“All the boys were preparing to go to the gym and there was a knock on my door and one of the lads, the film crew boys. He came into the room and he had a little carrier bag and inside he pulled out a piece of equipment that I’ve never seen anything like his tiny little handheld camera, and he said: “Do what you want with it.” I actually took it to the gym and nobody knew it was their camera, they all thought it was mine.”  

Fred Rees: “When we turned up to do the shoot we already decided that we were going to try and give the players cameras, so we had these three little cameras that we turned up with. That was always on our agenda to get them to try and help. Obviously John was fantastic in that and leapt into it and grasped it with both hands. His enthusiasm for that shines through in the film and it’s a really integral part of the film.”


On getting Ian McGeechan and Jim Telfer mic’d up for training and matches:

Fred Rees: “The initial edit that we made of the film was about 10 hours long. And then the final piece ended up being just shy of three hours. There was definitely stuff that hit the cutting room floor that I’m sure people would have enjoyed but wasn’t necessarily quite right.”

Duncan Humphreys: “Fred put the editorial together in a way that was very filmic; it wasn’t a traditional documentary. The key elements were the technical ability to mic the two main coaches - that was incredible. We had no kind of agreement with the Lions that we would be able to make them up and literally on the very first day of training our sound man wandered out with two radio mics, and just mic’d them up. I think Geech and Jim just assumed that was what was going to happen, however much they were unhappy about it. The next thing you know the poor buggers were mic’d-up every single day of the Tour. It’s what elevated it to being so special. Their relationship for starters, because it gave a grounding in kind of what was going on and the emotions surrounding it, but also then as the games became more and more important they took on this role of the two old men up in the balconies looking down  and they were just so involved. You saw just how close they were as friends, colleagues and coaches. That part of the film came from the sound man David Brill just wandering over micing them up. That’s how I remember it.”

Fred Rees: “I can’t recall any outward hostility from Jim and Ian in terms of us making the film. I mean, obviously, internally they were pretty worried about it to begin with. When David Brill where to put the radio mics on them, they just presumed that that was what they were meant to do, so they just sort of went along with it. Then they just sort of got so caught up in what they’re doing that they sort of forgot about it. Maybe internally, there were many more debates about what the hell were they doing letting people film, but they didn’t really broadcast that to us. I mean there’s such a lovely pair of gentlemen. They were always very kind to us and I think, in a way, the whole radio waking them up every morning became sort of part of their ritual for the beginning of their training sessions and their meetings.”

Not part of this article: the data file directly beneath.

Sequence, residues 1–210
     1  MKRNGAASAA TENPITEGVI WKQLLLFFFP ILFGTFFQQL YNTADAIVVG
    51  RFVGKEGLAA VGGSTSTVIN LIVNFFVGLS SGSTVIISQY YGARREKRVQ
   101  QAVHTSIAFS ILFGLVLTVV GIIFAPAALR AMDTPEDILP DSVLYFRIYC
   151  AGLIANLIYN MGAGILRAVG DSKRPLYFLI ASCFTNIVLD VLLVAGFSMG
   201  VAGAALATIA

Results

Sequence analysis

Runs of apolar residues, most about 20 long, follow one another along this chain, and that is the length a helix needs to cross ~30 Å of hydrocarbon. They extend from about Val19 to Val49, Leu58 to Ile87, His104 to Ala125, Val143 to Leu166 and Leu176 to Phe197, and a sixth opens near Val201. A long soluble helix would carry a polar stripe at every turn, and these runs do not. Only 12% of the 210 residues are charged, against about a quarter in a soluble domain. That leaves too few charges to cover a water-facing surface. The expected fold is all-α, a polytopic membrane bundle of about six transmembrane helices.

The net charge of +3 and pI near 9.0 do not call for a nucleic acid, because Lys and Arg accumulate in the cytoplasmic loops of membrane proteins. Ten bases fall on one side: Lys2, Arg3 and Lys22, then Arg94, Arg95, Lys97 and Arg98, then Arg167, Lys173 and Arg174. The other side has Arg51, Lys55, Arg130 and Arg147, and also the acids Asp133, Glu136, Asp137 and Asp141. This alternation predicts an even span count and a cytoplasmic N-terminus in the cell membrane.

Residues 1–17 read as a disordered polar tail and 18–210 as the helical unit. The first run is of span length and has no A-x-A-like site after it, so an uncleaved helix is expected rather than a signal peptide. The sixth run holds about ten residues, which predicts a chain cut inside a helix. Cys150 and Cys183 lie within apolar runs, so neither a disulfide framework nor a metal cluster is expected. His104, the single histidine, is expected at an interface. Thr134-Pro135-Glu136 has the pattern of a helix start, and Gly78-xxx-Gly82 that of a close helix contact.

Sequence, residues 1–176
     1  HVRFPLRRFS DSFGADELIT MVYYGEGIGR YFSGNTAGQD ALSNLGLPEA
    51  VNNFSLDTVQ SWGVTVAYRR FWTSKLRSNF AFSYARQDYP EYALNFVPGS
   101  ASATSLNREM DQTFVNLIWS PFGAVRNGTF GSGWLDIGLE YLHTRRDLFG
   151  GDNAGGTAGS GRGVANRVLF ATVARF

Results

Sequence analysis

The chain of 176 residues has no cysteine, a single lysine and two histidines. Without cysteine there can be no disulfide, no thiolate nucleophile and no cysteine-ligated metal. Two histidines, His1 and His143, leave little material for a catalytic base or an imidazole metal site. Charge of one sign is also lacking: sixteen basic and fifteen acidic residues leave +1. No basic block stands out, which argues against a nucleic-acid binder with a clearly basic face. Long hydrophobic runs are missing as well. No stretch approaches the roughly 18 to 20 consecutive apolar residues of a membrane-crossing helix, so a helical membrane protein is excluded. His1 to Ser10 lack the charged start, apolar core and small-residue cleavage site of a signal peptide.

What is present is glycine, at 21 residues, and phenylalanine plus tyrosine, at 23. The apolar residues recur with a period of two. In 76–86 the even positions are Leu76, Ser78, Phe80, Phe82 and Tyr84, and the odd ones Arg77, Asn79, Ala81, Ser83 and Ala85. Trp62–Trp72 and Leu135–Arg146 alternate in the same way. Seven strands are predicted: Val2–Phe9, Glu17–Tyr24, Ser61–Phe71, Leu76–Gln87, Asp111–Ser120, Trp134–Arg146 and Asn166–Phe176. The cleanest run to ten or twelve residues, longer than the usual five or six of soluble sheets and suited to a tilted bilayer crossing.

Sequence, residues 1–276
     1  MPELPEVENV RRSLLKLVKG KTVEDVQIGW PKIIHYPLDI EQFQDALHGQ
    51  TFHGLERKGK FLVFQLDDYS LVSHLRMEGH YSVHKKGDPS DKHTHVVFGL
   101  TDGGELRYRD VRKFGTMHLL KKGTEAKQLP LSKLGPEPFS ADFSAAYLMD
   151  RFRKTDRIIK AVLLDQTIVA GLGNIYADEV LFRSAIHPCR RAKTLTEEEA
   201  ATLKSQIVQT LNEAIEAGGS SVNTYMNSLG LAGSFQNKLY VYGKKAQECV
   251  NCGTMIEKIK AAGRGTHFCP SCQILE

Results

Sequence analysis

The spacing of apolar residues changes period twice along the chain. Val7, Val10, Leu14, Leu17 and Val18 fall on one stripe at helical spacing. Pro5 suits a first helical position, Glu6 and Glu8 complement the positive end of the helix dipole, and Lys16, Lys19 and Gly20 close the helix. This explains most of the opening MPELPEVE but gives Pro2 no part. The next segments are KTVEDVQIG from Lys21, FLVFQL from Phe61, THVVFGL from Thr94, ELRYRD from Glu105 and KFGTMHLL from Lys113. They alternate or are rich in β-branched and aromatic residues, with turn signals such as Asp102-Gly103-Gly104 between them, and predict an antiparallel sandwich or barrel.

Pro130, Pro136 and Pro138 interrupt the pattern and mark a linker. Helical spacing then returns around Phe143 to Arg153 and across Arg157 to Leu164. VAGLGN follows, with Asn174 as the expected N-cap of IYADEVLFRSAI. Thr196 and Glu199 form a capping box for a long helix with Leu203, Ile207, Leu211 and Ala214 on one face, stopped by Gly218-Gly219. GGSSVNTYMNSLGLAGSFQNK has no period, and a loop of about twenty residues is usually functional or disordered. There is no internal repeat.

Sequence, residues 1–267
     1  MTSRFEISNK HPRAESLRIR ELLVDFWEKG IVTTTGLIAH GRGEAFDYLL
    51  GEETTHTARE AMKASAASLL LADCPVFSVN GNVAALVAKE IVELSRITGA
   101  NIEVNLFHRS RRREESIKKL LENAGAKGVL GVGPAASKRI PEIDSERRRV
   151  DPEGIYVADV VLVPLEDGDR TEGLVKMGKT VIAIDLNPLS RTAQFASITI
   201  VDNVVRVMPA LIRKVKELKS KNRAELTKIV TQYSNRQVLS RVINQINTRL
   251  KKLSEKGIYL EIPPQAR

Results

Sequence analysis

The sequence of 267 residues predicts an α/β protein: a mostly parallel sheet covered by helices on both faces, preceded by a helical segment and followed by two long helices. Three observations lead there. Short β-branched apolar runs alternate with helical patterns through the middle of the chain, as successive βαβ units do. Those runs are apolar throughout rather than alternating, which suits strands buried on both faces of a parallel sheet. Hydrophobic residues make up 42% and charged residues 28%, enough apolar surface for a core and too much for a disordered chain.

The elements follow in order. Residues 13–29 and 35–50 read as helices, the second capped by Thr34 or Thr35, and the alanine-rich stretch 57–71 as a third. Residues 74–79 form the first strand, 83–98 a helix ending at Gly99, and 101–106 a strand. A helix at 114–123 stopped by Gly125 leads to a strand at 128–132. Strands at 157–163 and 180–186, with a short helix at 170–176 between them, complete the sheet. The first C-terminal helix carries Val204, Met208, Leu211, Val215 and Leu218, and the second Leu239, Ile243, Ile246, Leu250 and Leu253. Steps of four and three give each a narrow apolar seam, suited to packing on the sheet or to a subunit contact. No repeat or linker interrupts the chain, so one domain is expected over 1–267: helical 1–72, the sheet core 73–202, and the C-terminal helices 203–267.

Duncan Humphreys: “Jim used to mic himself up by the end of it. I think there was only one instance, where Barry Williams and Mark Regan had a little kick off. That was the only time where you see Jim react to the camera. It was right there and he knew he was microphoned. We got it pretty clearly what was being said between the two gentlemen. And you saw Jim say “Look, there are cameras around, you can’t do that.” That was the only mention in the whole Tour of cameras being there.”



On how they managed to access the inner sanctum of the changing room:

John Bentley: “Jason Leonard was the captain for that first Tour game at East London and the film crew were in the changing room and he asked them to get out. They made a decision to go and approach Fran. If you don’t get in the first changing room, they wouldn’t get in any changing room, so it was important that they had to get back in. Fran went in, had a quiet word with Jason and let them back in. From then on, they were in every changing room and you never knew they were there.”

Fran Cotton: “I could understand from Jason and the players point of view, you’re trying to get yourself ready for a game you don’t want anybody poking a camera in your face. I didn’t realise that the players had kicked them out of the dressing room. In fairness, they actually did it very discreetly. You know you wouldn’t have known they’re in the dressing room, quite honestly. After that some of the footage that they got of dressing room incidents and Woody [Keith Wood] firing off a lot of expletives.”

Duncan Humphreys: “Jason asked us to leave the changing room before he gave his team speech. I think we felt pretty strongly that you know, if you’re out for one, you’re out for them all. And without being in those you’re, you haven’t got a film, or basically. We went and spoke to Fran, who just backed us 100%. It was only Tim Rodber, who kind of kicked us out of the changing room, so I filmed the door instead.”

Fred Rees: “Up until that point, unless you were a rugby player at that kind of level, no one no one had ever seen what it was like inside that environment. There is a bit where basically Woody  manages to sort of drop 13 ‘F bombs’ in about 10 seconds. Listening to this, we thought ‘wow this is actually this is so much swearing that how’s this going to go down?’  So we phoned Woody up and we sort of said: “Look Keith, we’ve got this scene. It’s really brilliant but, you know, we’ll just play it to you. So we played it to him and he said: “Bloody hell, maybe you should take out a few of those swear words because I might have to open a supermarket at some point and it might not help!” So using the magic of editing, we managed to chop half of them out. Then we phoned him up and played it to him, and he listened to it and he said: “No, that doesn’t sound right, you better just throw them all back in again.”

Keith Wood: “I had 34 ‘F bombs’ in 30 seconds and they call it down to 17. Actually, that’s the one that is there, the reality is it’s twice as many. And I know Guscott was just wetting himself in the background saying: “My god he’s a looper!”

Fred Rees: “He was one of the ones that was always there for a chat. He was very open but when he got his game face on the ‘F bombs’ did fly, let’s put it like that. I think it was Woody’s use of words around his swearing, because he was always about ‘it’s our day, we make it, and we’ll take the pain and we’ll take the plaudits at the at the end of it and it’s our greatest moment’, and you know that kind of stuff was truly inspiring.”